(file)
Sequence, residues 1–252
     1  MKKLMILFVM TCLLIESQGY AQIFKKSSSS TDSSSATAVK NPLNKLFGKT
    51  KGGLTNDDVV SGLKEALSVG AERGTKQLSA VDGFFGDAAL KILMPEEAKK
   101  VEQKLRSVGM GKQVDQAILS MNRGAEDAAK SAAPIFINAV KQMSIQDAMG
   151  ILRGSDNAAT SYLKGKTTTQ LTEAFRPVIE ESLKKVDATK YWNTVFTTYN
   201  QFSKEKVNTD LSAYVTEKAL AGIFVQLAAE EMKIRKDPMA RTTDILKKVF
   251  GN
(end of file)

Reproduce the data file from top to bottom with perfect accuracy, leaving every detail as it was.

Sequence, residues 1–252
     1  MKKLMILFVM TCLLIESQGY AQIFKKSSSS TDSSSATAVK NPLNKLFGKT
    51  KGGLTNDDVV SGLKEALSVG AERGTKQLSA VDGFFGDAAL KILMPEEAKK
   101  VEQKLRSVGM GKQVDQAILS MNRGAEDAAK SAAPIFINAV KQMSIQDAMG
   151  ILRGSDNAAT SYLKGKTTTQ LTEAFRPVIE ESLKKVDATK YWNTVFTTYN
   201  QFSKEKVNTD LSAYVTEKAL AGIFVQLAAE EMKIRKDPMA RTTDILKKVF
   251  GN